Written by Max Landis
Drawn by Jonathan Case
Published by DC Comics
PREVIOUSLY: SUPERMAN: AMERICAN ALIEN #5
Max Landis continues his rewrite of Superman’s origin. It’s a year since the previous issue, with Clark firmly established in his duel-identity of Superman, who has become quite a citywide sensation. Clark’s childhood best friend Pete Ross and Kenny Braverman, who still live in Smallville, have come to Metropolis to visit him. He takes them around the city, as they discuss his career as Superman, and their concerns about him going public and what that means. Clark is still surprisingly blase about it, at the moment he’s not even expecting to be Superman, thinking it’s just a temporary thing. But Pete, especially, tries to drill it in to Clark’s head that everything has changed. That Superman’s arrival, his presence in the world, is changing history, and that there is no going back.
What I particularly love about this issue, is that Landis manages to take this “fantastic” premise of a story, the existence of Superman, and effortlessly ground it in something simple and relate-able to almost of all us. This is a story about growing up. It’s about friendship and how it evolves. Clark, Pete, and Kenny all grew up together, but things have changed. Clark is not the same kid they knew from Smallville, he’s moved to the “big city” he’s experiencing new things, while Pete and Kenny are sort of left behind, still back from where they came. Kenny reveals a major upcoming event in his personal life, which Clark has been too “busy” to pay attention to. Outgrowing old friendship is something that a lot of have experienced (or will experience at some point), and it’s not always easy to deal with.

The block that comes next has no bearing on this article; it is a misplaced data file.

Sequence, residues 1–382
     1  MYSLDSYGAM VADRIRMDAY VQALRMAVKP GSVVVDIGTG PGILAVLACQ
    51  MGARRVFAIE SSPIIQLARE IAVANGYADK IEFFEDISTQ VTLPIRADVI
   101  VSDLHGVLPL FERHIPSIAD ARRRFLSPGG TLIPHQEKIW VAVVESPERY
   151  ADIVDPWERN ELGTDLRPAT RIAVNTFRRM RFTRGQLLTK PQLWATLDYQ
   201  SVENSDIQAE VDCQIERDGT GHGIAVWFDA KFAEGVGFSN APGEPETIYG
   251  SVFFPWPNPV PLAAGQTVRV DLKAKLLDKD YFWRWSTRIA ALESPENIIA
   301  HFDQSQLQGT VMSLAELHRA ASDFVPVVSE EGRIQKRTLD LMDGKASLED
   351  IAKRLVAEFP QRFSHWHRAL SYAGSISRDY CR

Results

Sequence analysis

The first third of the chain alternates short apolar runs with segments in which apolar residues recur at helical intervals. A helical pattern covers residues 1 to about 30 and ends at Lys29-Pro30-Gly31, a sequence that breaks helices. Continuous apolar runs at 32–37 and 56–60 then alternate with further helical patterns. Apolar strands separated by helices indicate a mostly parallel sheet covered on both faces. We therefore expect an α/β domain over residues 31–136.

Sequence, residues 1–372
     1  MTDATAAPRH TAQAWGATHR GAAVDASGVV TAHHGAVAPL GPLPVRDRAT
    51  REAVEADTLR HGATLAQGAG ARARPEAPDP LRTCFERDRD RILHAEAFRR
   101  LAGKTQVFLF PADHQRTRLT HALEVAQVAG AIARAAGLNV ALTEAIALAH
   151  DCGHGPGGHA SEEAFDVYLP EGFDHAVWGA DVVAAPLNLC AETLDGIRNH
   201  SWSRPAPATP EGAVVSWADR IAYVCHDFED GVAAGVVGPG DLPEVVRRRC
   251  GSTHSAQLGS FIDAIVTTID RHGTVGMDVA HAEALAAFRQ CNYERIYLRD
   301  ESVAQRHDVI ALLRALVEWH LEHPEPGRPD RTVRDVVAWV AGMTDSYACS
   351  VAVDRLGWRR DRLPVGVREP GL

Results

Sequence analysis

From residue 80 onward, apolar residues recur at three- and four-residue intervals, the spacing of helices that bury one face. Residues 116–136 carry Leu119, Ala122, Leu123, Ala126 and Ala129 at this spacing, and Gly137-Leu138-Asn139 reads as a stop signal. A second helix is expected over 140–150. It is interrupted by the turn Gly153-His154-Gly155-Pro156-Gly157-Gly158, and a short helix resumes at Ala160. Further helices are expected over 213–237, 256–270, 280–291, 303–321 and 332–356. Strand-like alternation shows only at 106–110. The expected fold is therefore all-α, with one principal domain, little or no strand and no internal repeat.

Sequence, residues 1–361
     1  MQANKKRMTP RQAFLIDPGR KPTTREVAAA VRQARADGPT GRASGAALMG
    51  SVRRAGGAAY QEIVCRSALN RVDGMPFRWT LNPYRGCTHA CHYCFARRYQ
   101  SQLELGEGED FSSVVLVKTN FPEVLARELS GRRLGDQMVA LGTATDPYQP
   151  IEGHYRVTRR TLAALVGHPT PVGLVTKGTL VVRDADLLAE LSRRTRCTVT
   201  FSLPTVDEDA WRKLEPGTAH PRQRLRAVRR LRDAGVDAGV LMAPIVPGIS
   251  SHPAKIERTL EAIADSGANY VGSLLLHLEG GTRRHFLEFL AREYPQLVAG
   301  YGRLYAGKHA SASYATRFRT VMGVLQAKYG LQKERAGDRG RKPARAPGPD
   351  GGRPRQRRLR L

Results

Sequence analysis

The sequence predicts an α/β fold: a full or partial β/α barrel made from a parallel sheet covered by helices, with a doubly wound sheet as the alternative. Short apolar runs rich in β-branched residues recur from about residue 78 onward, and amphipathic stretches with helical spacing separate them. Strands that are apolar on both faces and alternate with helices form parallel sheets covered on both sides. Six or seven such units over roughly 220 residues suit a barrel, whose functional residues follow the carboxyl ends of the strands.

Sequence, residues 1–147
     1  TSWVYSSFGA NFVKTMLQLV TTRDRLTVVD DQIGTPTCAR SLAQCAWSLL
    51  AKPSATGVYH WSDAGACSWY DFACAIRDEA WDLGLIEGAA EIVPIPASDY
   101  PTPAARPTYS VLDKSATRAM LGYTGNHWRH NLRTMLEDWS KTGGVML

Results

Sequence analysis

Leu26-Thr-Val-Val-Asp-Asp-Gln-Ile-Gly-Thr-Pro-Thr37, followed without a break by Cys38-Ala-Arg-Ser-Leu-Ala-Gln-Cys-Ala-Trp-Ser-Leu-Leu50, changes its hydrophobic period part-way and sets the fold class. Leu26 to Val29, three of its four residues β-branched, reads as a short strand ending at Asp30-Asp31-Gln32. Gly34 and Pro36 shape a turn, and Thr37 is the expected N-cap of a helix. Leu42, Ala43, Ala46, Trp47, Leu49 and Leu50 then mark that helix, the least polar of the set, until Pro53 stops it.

But make no mistake, this isn’t some brooding “talking heads” issue either. There is some outer space action, where Clark meets some alien members of the Green Lantern Corps., who fill him in on the history of Krypton. So this is a major event in the life Superman, and it’s a very enjoyable read.
I will also say that while I initially skeptical about the “gimmick” of having a different artist for each issue of this miniseries, it’s turned out pretty well, with the chosen artists all fitting very well with each story. And this one is no exception, as Jonathan Case steps in and does very fine job with the illustrations. I was unfamiliar with his work before this, but now I will definitely be looking out for his future projects.
Oh, yeah, we meet Jimmy Olsen in this issue. This version is Black, just like the Supergirl TV show. I’m cool with that. Bring on the White tears!